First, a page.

You can see it in those local Constituency Labour Parties in which some activists are moving against Labour MPs who took a stand alongside Jewish community groups back in the spring – including motions that basically say ‘one can understand anti-semitism after the banking crisis’. You can see it on all those forums and Twitter feeds where people say ‘there is no anti-Semitism’ or ‘the Tories are worse’ or ‘what about Israel?’ In all those people who say ‘I’ll turn a blind eye to a bit of racism so long as we abolish tuition fees and nationalise the railways’. The hate has gone deep. It’s hard to see now how the breach can be mended. The gulf is just too wide.

So, to try to answer the question – is Labour institutionally anti-Semitic? Let’s be clear here. Even if it were, that would certainly not mean that most Labour members or elected representatives were closet racists. Most of them are lovely people – retired public sector workers, students, teachers, lecturers, trade unionists, radicals of all stripes originally attracted to a Party just trying to make the world a better place. It’s not as if there isn’t plenty of work to do in that respect. And many of these same members know that their party has a problem. A majority of them agree that it has – to a greater or lesser extent – and that number has been growing. It’s not a nest of vipers.

Still. Consider what the following chain of disaster and excuse sounds like. A group of people who have always experienced prejudice come forward with a long list of complaints against an old and established British institution. At first, that institution rejects their complaints. Then, it starts to take them on board, but does it badly, while denying they have a real problem. It’s all a few bad apples. You’ve got to understand the unique problems. You’ve got to realise that there’s a context here. Oh, and others are just as bad. Those in authority try to set up their own rules, in defiance of the community complaining about them. Then, the institution in question adopts a new code of practice that has been designed by others, but don’t quite take it to heart. Its leaders close their ears to the pain and hurt they and their followers are causing. It takes a policy disaster of unprecedented scale to force them onto the right path. Sound familiar? Yes, it’s the Metropolitan Police and its antediluvian attitude towards young black Londoners between the 1950s and the early 1990s - before the Stephen Lawrence case and the Macpherson Inquiry forced them to at least start mending their ways. And just by the by, it’s exactly the path Labour has been treading recently, albeit in accelerated fashion.

Institutional racism is a very grave judgement. It’s one we’re reluctant to make. No-one thinks that Mr Corbyn or Mr Cluskey, whatever their other faults (and they are legion), go home at night and think ‘I hate those Jews’. That’s absurd. Be that as it may, they have given every indication that they are full of fear and loathing for one of Britain’s minority communities. They are full of innate preconceptions, as we all are in a way, but in a more exaggerated form. When they hear the word ‘Jew’, they also hear the word ‘Israel’, and engage all their hatred of that state’s oppression of the Palestinian people in the Occupied Territories – a state of affairs that British Jews certainly shouldn’t bear any responsibility for, in Labour or elsewhere. There's a word for that immediate association: that word is prejudice.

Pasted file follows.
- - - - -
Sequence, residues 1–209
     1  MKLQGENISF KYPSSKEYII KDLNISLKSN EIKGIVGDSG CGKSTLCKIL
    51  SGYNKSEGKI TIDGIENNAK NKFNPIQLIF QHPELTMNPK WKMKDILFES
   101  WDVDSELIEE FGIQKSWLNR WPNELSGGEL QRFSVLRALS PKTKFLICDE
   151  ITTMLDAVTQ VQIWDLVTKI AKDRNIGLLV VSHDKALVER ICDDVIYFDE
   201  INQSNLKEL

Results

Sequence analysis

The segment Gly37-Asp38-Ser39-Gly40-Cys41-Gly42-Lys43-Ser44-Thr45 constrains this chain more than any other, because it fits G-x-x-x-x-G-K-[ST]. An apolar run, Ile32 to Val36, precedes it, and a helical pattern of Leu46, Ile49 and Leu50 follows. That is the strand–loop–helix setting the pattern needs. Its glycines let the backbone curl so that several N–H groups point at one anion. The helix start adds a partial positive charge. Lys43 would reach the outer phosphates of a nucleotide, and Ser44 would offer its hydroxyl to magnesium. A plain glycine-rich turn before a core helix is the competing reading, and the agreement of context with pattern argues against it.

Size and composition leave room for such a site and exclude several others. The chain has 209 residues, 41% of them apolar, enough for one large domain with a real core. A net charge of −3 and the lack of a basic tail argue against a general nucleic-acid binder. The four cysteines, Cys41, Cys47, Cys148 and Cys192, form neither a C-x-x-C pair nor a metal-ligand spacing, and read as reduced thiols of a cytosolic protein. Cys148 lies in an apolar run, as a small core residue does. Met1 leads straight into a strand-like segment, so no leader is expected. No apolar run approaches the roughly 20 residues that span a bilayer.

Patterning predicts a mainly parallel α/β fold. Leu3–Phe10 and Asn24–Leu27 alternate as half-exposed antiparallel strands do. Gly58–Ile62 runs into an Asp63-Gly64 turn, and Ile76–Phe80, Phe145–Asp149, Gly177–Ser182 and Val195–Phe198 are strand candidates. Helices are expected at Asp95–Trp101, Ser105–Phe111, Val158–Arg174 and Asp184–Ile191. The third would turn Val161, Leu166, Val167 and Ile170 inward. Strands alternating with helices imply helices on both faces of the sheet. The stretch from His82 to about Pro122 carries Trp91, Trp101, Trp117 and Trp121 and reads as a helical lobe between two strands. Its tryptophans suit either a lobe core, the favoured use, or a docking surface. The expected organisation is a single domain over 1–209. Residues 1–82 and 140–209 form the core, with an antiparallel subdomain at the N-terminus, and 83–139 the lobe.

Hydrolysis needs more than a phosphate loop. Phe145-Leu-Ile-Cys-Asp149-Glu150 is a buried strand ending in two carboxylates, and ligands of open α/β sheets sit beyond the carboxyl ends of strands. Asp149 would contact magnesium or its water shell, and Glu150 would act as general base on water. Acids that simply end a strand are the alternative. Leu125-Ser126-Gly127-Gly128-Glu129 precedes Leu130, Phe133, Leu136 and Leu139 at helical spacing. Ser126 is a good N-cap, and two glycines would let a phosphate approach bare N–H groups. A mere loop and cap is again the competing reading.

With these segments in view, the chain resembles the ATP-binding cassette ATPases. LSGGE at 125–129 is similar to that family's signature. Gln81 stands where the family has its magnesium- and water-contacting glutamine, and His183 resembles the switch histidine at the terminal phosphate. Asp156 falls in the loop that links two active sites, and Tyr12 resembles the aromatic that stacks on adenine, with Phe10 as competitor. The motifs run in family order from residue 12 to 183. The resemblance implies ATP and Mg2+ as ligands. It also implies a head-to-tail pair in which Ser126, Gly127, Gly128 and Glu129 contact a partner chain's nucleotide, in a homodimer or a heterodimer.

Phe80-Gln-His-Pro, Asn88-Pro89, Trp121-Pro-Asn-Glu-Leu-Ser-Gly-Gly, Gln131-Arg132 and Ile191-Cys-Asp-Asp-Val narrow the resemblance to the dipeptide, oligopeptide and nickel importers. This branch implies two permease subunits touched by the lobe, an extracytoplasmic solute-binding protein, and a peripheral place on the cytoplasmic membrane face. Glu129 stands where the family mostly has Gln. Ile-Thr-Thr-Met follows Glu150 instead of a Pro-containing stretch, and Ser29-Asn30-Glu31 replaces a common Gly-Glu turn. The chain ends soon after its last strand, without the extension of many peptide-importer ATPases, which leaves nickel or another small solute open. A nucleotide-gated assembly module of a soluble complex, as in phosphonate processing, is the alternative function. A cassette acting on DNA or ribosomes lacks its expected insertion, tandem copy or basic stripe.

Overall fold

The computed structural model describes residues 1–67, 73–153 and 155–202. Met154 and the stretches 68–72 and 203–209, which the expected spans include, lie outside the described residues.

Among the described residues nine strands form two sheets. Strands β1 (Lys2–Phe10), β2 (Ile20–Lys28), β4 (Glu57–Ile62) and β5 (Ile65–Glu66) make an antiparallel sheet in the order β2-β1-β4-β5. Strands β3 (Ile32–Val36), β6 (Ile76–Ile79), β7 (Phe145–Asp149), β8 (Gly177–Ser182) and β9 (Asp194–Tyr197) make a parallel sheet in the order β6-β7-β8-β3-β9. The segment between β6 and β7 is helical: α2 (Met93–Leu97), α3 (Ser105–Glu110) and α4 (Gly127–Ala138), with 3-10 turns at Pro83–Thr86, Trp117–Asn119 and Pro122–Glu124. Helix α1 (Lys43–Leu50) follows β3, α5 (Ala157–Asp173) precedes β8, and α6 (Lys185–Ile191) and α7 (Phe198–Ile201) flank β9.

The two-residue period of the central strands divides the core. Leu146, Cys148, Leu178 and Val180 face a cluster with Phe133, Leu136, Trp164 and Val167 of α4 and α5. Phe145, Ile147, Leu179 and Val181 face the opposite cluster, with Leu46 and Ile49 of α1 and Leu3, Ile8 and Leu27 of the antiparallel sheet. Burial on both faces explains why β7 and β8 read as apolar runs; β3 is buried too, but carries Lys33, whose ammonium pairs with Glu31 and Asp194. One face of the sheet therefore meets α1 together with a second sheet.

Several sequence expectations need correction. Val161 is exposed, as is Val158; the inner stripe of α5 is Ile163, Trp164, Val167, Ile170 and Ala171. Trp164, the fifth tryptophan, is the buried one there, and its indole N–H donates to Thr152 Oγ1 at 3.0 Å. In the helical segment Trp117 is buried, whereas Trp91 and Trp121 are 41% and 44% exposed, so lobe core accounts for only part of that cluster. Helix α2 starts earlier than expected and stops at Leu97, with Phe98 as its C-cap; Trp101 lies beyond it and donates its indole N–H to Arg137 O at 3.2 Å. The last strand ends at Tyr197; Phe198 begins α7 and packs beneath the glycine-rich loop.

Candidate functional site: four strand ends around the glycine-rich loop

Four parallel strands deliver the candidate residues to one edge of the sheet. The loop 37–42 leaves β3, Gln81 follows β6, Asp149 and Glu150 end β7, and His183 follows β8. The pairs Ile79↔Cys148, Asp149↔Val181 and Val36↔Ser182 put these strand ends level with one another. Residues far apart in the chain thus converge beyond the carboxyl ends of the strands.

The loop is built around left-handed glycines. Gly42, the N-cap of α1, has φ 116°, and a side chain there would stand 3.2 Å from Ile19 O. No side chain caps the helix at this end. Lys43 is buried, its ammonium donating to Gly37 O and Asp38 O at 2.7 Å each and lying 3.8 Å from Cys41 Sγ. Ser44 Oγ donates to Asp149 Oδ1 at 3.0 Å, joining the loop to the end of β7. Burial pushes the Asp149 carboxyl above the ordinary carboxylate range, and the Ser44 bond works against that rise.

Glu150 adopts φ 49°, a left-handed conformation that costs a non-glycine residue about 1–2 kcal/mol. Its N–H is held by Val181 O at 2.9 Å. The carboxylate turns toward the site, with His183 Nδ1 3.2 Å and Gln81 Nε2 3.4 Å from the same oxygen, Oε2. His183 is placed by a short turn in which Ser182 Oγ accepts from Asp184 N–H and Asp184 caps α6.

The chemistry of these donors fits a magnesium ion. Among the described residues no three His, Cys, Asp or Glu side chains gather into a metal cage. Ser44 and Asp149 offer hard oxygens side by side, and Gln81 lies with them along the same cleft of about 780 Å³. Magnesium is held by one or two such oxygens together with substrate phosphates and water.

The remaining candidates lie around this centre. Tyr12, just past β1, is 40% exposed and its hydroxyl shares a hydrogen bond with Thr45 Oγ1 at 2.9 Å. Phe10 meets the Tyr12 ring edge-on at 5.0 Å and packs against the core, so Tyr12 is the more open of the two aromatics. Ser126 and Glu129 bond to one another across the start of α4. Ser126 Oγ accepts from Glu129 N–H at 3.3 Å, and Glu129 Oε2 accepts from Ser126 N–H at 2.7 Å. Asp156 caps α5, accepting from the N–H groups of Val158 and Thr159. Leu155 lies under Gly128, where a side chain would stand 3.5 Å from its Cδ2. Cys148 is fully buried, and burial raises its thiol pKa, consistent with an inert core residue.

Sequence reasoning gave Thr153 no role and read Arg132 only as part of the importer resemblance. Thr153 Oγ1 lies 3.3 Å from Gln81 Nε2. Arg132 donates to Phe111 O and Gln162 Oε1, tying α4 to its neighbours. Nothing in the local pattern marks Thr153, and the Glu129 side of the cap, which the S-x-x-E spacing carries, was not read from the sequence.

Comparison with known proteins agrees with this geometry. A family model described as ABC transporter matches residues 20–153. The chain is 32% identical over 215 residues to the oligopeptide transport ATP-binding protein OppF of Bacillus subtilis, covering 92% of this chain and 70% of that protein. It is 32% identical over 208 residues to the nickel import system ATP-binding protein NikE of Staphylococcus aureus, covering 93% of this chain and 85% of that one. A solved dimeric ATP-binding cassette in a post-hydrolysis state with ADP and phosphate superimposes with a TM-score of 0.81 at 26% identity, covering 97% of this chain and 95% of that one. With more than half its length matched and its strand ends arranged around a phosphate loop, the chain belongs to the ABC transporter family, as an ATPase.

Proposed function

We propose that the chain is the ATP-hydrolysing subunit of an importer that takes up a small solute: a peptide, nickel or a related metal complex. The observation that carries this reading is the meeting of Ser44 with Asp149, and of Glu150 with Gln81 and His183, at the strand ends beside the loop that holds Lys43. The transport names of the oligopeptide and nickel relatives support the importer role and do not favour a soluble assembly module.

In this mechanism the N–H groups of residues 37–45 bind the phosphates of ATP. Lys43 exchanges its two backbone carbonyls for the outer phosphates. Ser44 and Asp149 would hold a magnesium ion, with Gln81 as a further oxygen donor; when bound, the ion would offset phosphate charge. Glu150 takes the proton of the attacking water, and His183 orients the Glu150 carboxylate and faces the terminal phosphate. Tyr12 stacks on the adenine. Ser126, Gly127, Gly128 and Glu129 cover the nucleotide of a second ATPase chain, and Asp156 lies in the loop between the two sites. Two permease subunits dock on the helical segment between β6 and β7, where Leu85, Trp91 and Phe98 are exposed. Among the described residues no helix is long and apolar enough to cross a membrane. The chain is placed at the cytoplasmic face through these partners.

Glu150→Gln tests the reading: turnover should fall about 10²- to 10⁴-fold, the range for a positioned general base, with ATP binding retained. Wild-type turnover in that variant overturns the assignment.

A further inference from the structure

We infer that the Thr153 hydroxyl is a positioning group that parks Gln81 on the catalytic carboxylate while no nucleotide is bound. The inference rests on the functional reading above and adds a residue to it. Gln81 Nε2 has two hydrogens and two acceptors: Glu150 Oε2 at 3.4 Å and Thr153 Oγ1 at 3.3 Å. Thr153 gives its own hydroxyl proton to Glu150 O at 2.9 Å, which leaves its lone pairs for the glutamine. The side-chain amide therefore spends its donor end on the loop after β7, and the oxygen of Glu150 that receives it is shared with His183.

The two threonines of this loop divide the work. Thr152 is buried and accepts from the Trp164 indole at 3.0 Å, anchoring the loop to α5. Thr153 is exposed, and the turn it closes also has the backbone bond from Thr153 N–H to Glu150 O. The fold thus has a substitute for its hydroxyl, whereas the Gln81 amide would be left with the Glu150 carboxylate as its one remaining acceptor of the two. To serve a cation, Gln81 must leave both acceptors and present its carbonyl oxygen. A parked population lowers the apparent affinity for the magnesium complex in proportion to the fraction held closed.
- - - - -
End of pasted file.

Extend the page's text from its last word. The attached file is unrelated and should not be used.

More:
Somewhere in their consciousness, since they are economic determinists, they furthermore think that apparently wealthy and successful communities can’t be discriminated against, and that if all economic inequality were abolished, racism would disappear with it. They’re wrong about that, of course, as they are incorrect about so, so much else: but the idea exerts a powerful hold over them. And if you start saying that ‘the banks’ are an international problem, that the world economy is ‘rigged’ for ‘the elites’, rather than the many? Well, you’re not much more than a Trumpian hop, skip and a jump from the British Left’s traditional anti-Semitism, as obvious in the DNA of Edwardian New Liberalism as it is in the warp and weave of what has become of the 1960s New Left. They don’t suffer from the traditional race hatred of the boot-boy and the skinhead. They have a far more refined set of prejudices. If they truly examined them, talked about them, admitted they’d got it wrong, spoke to everyone, they could have avoided all this. But they won’t, and now they probably can’t.

Even so, ‘institutional racism’ would be a heavy conviction when Labour’s members are showing signs of waking up, when its governing body has just adopted a new code that might finally purge anti-Semitism from its ranks, when there are still plenty of activists, councillors and MPs fighting for a truly cathartic change such as that which the Macpherson Report wrought on the Met. It’s all very suggestive of a Party that is sick, but not quite yet succumbing to the fever. The case is not dismissed – not by a long way. But it is still a deeply problematical one.

Make no mistake, though: if Labour continues to turn a blind eye to the stream of hatred flowing through social media, goes on ignoring the need for a mea culpa right from the top (Mr Corbyn refused to say sorry in a recent BBC interview), keeps pushing back its self-imposed deadline for getting on top of even just the high-profile cases, revisits the IHRA definition with some weasel form of words once the new NEC takes office after Conference: then a verdict of guilty will be unavoidable. 

Labour has walked right out to the edge. Just a few more steps, and it will sink irrevocably into that rancid sewer so obvious to those of us who've been watching properly. It has stopped, rightly hesitant – for now. Whether it now turns around and begins to recover remains to be seen. The signs are not very hopeful. We shall see.